International Law, Museums and the Return of Cultural Objects. By Ana Filipa Vrdoljak. Cambridge, New York, Melbourne: Cambridge University Press, 2008. Pp. xxxviii, 342. Paper, $48.
Imperialism, Art and Restitution. Edited by John Henry Merryman. Cambridge, New York, Melbourne: Cambridge University Press, 2006. Pp. x, 267. $84.
In a little less than forty years, the field of cultural heritage law has evolved into a significant regime of treaties and customary practice accompanied by an impressive array of scholarly literature, specialized journals, professional groups, blogs, and other services. One of the core topics of this regime involves claims for the international return, restitution, or repatriation of cultural material. These claims frequently appear in the news, whether related to confiscation of art during the Holocaust, looting of Native American burial sites, sticky-fingered snitching of rare coins, questionable acquisitions and imports of fine art by major museums, salvage of historic shipwrecks, or a myriad of other circumstances. The two books under review offer two ways of thinking about the restitution of cultural material, defining and analyzing the legal and moral issues from divergent perspectives. They both focus, however, on cultural material derived from the opportunistic environments of conquest and colonization.
The term "cultural heritage," as applied to tangible objects or material, is often used interchangeably with "cultural objects" or "cultural material" and with the older term "cultural property," which is becoming less prominent in legal instruments and discourse. In addition, the European Union and several of its members, in their joint project of economic integration, use the term "cultural goods." Although none of these terms is perfect, "cultural property" and "cultural goods" are especially problematic because of the tendency in their usage to commodify and commercialize the nature of cultural material, and thus restrict the scope of related inquiry and decision making to the elements of property law. Such connotations also temper legal discourse about the restitution of cultural objects.
By contrast, Ana Filipa Vrdoljak, of the University of Western Australia and the European University Institute, adopts a deeper, functional understanding of restitution as it applies specifically to the heritage of indigenous people. In her study, International Law, Museums and the Return of Cultural Objects, Vrdoljak effectively deploys the results of her extensive research and analysis to recontextualize the tangible legacy of indigenous peoples as something more profound than the objects of curiosity, admiration, and scientific commentary. Her ambitious purpose is to help reverse the "mechanisms of forgetfulness" (p. 259) imposed by imperial or other dominant political authorities, and hence to restore suppressed cultural identities. Her proposed framework delineates three rationales for the restitution of cultural objects: the principle of territoriality, which links such objects with peoples and land; the rectification of wrongs to indigenous peoples such as discrimination and genocidal practices, which deprived them of the objects; and the promotion of self-determination and reconciliation of indigenous peoples with the dominant authorities and cultures.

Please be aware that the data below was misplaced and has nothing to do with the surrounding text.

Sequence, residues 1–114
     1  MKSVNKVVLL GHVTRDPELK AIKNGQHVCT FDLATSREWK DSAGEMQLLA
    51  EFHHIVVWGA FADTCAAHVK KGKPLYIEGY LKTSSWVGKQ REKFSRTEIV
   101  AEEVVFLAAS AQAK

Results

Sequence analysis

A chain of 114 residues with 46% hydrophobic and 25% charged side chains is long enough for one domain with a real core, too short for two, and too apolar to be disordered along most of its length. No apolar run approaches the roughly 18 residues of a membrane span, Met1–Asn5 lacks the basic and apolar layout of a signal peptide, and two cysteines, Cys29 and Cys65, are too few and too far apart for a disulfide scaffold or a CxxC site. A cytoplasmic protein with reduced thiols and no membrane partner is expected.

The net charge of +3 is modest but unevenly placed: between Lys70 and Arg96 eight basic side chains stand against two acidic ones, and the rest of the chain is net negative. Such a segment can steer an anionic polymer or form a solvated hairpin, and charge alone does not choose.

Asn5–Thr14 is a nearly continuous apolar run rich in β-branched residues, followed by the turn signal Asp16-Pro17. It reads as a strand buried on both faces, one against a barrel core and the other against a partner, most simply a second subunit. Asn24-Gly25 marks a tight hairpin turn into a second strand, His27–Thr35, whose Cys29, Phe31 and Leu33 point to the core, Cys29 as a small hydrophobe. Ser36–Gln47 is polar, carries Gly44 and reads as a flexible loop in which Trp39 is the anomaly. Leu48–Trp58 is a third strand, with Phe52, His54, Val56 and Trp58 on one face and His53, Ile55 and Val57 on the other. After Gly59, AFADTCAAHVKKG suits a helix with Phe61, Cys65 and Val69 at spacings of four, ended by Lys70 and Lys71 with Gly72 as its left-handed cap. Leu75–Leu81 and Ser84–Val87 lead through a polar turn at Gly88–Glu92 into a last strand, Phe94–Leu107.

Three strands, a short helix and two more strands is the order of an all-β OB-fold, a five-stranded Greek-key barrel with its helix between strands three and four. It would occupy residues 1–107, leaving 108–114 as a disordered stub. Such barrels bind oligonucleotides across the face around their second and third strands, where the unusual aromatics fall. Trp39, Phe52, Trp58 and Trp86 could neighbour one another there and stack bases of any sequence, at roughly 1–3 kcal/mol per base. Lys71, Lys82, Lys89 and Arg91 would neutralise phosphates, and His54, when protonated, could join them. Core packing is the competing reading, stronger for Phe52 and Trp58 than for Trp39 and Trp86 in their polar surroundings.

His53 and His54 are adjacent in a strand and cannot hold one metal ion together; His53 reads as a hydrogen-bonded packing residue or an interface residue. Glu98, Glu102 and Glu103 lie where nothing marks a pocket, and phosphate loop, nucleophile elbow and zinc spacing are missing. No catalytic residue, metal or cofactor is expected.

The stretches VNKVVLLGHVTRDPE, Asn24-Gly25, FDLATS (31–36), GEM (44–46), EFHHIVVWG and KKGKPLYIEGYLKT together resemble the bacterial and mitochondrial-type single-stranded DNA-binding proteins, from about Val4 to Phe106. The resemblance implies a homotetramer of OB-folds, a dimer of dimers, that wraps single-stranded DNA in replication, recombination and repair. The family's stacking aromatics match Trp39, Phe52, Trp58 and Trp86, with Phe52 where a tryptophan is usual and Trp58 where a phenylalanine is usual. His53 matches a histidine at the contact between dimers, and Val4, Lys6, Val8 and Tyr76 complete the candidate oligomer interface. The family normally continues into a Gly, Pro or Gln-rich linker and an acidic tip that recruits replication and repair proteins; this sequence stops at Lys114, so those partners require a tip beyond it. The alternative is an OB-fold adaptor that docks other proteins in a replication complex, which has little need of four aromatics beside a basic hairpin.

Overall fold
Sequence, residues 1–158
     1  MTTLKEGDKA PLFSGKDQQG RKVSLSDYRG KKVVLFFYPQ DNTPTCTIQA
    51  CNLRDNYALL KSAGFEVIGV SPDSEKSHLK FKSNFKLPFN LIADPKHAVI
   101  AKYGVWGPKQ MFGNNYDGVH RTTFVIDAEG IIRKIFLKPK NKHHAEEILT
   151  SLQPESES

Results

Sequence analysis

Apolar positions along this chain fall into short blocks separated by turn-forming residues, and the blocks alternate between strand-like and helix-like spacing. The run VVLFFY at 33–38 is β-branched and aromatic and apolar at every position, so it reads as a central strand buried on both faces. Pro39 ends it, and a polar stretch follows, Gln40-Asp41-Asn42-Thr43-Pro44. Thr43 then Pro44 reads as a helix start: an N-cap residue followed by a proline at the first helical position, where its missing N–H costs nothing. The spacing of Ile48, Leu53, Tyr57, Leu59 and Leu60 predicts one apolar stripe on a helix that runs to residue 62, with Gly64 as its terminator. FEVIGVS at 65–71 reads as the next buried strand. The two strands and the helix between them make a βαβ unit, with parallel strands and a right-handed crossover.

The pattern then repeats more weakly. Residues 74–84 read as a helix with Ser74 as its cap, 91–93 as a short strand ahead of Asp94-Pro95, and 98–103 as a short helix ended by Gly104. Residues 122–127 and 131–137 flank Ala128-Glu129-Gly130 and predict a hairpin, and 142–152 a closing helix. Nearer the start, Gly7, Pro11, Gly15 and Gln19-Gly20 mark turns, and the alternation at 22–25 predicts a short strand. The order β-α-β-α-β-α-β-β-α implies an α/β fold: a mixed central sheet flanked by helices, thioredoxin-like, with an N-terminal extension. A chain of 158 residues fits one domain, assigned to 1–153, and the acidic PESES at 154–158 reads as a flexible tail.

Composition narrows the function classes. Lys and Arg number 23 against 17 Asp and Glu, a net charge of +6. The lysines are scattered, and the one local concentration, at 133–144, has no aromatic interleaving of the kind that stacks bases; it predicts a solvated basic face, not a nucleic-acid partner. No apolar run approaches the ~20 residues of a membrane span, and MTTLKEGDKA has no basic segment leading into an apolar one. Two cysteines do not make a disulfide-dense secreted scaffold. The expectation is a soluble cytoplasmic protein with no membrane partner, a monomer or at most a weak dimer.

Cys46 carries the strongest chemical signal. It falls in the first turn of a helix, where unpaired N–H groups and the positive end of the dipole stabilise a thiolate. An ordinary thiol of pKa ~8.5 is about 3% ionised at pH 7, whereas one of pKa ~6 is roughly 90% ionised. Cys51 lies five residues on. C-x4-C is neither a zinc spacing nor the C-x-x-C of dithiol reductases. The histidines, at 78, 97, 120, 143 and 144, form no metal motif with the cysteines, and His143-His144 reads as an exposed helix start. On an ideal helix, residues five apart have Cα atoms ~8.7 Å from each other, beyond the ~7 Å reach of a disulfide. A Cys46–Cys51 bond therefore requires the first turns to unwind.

We learn that even before the era of cultural heritage law, restitution began to emerge as "an early marker of the transition within the international community from policies promoting cultural Darwinism to cultural pluralism" (p. 3). In support of this pluralism, Vrdoljak emphasizes the need for moral restitution, in the form of an honest acknowledgment by dominant populations of past injustice and a commitment to restore trust in their relationships with indigenous peoples by recognizing the cultural identities of those peoples. The core value of cultural identity, of course, is more generic in international legal discourse. For example, it helped validate special treatment of certain Canadian courier and other distribution services provided by the Canada Post, a Crown corporation, in an arbitration based on the North American Free Trade Agreement that had been initiated by the U.S.-based United Parcel Service. The arbitrators justified the special treatment under an exception to NAFTA for any measures adopted or maintained with respect to "cultural industries." (1)
In examining the emergence and development of the rationales for the restitution of cultural objects, Vrdoljak relies on three case studies of museum policies and practices, with primary focus on Asia-Pacific collections: London's South Kensington Museum (now the Victoria and Albert Museum), from the early nineteenth century to the interwar period; New York's Museum of Modern Art, from the early twentieth century to the period of decolonization after World War II; and Sydney's Australian Museum, from decolonization to the present. These studies trace the changing role of museums in the rebirth of cultural identity and pluralism, beginning in the late nineteenth century when robust collecting of what was then described as "primitive" art had reached a point where museums possessed more examples of tribal artifacts than their communities of origin.
Against the background of this institutional chronology, Vrdoljak ably discusses how the major legal instruments, institutions, and landmark judicial decisions have responded to claims by indigenous peoples for the return of cultural material from the selected...